The U.S. House of Representatives passed hate crimes legislation by a vote of 237 to 180 on May 3. The tally was largely along party lines, though the 212 Democratic votes were short of a majority in the 435-member chamber; Republican support was needed to achieve that.
The measure is officially known as the Local Law Enforcement Hate Crimes Prevention Act of 2007. It essentially adds sexual orientation and gender identity to the list of categories already covered as hate crimes and has broad support from national law enforcement, civic and civil-rights organizations.
It gives the Department of Justice limited authority to intervene when state and local officials do not seem to be adequately investigating hate crimes against gays. It also allows the Department to provide training, fund activities, and support local authorities in that area.
'I think it bears repeating that many law enforcement organizations … support the need for federal hate crimes prevention legislation,' said Speaker Nancy Pelosi, D-Calif., during debate on the floor. 'Today, we have an opportunity to end discrimination and the violence that goes with it that equal a hate crime.'
Rep. Mark Kirk, R-Ill., led a group of 25 Republicans who voted for the legislation, earning the thanks of Log Cabin Republicans Executive Director Patrick Sammon. Their presence allayed fears of some conservative Democrats that the issue might be used against them in the next campaign.
However, 14 Democrats voted against the bill and 6 did not vote at all. They generally came from a swatch of the interior of the country ranging from North Carolina to Oklahoma, Texas to Indiana.
Conservatives like Tony Perkins of the Family Research Council have been braying that the legislation "criminalizes thoughts as well as actions; creating special categories of victims is unconstitutional.' He neglects to mention that existing law already covers a laundry lists of protected categories, including religion.
James Dobson of Focus on the Family has charged that the real purpose of the legislation is 'to muzzle people of faith who dare to express their moral and biblical concerns about homosexuality.'
Their staunch opposition prompted the White House press office to call the bill 'unnecessary and constitutionally questionable,' and threaten a presidential veto. It is difficult to gauge how serious that threat is, as the president has vetoed only two pieces of legislation during his tenure; one concerning stem-cell research, the second on withdrawal from Iraq.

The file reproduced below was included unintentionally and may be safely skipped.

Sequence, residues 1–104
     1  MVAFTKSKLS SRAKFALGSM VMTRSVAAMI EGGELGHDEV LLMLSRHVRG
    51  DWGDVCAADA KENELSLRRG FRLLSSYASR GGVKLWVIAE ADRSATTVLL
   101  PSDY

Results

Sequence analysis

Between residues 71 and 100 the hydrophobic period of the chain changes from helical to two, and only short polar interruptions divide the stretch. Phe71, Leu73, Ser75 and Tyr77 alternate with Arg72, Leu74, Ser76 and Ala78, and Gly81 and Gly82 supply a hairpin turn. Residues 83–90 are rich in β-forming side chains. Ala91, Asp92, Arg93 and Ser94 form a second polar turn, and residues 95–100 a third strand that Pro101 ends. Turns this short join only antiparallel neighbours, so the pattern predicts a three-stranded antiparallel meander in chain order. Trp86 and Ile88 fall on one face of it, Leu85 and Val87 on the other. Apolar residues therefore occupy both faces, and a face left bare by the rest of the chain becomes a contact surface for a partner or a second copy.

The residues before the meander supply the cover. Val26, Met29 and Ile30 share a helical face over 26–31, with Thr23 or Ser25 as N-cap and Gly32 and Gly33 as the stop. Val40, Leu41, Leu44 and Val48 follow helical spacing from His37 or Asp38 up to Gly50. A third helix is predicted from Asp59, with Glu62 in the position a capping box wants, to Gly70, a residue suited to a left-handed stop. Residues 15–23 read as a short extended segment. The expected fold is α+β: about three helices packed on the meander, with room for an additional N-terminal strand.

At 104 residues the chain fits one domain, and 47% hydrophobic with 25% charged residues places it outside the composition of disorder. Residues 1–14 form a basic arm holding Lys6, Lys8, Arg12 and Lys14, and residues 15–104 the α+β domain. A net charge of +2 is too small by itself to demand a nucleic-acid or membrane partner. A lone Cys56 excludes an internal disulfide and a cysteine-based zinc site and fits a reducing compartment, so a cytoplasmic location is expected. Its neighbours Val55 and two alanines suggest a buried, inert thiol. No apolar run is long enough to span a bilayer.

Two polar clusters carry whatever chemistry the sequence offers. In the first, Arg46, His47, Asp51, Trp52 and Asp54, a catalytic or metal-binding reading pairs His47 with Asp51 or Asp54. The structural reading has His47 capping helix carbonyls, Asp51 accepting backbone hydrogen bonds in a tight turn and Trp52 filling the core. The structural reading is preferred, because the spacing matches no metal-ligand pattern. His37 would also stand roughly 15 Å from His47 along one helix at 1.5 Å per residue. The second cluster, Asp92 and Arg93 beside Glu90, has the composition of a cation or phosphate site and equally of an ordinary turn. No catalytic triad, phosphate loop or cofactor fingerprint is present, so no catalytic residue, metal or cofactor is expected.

The Senate version of the legislation, with Matthew Shepard's name appended to it, has 44 co-sponsors and is likely to pass before summer recess.
However, there does not appear to be sufficient support in either chamber to override a veto, should that occur.
Reactions to the House vote from within the LGBT community were positive.
Human Rights Campaign president Joe Solmonese called it 'a historic day that moves all Americans closer to safety from the scourge of hate violence. Today, legislators sided with the 73 percent of the American people who support the expansion of hate crimes laws to include sexual orientation and gender identity.'
'I am encouraged that the House was able to overcome the lies and misinformation being spread by anti-gay organizations trying to derail this bill. As the parent of a young man killed simply for being gay, I refuse to be silent and let this bill be misconstrued by these organizations,' said Judy Shepard, mother of the late Matthew Shepard.
'No one can deny the reality of hate violence against LGBT people,' said Matt Foreman, executive director of the National Gay and Lesbian Task Force. 'The importance of this [ legislation ] cannot be overstated, particularly in light of the venomous defamation campaign that has been waged against the bill by right-wing forces. At long last, justice for our people is within reach.'
Mara Keisling, executive director of the National Center for Transgender Equality called it 'a clear statement that LGBT people are not too hated to be protected from hate crimes.'
National Stonewall Democrats executive director Jo Wyrick focused on the political future. "Once again, the majority of American oppose the position of the President, and that is why we are urging the Senate Leadership to quickly move on this important legislation. We need Senate Democrats to step up before President Bush can step down."